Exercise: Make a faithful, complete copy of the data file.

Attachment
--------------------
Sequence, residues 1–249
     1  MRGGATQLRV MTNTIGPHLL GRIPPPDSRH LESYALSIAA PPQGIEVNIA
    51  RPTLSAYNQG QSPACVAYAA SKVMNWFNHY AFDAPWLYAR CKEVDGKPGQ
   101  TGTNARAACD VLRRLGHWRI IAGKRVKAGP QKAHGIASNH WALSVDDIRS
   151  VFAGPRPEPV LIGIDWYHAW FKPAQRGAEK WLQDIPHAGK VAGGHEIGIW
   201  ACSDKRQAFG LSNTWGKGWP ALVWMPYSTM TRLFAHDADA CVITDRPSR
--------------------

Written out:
Sequence, residues 1–249
     1  MRGGATQLRV MTNTIGPHLL GRIPPPDSRH LESYALSIAA PPQGIEVNIA
    51  RPTLSAYNQG QSPACVAYAA SKVMNWFNHY AFDAPWLYAR CKEVDGKPGQ
   101  TGTNARAACD VLRRLGHWRI IAGKRVKAGP QKAHGIASNH WALSVDDIRS
   151  VFAGPRPEPV LIGIDWYHAW FKPAQRGAEK WLQDIPHAGK VAGGHEIGIW
   201  ACSDKRQAFG LSNTWGKGWP ALVWMPYSTM TRLFAHDADA CVITDRPSR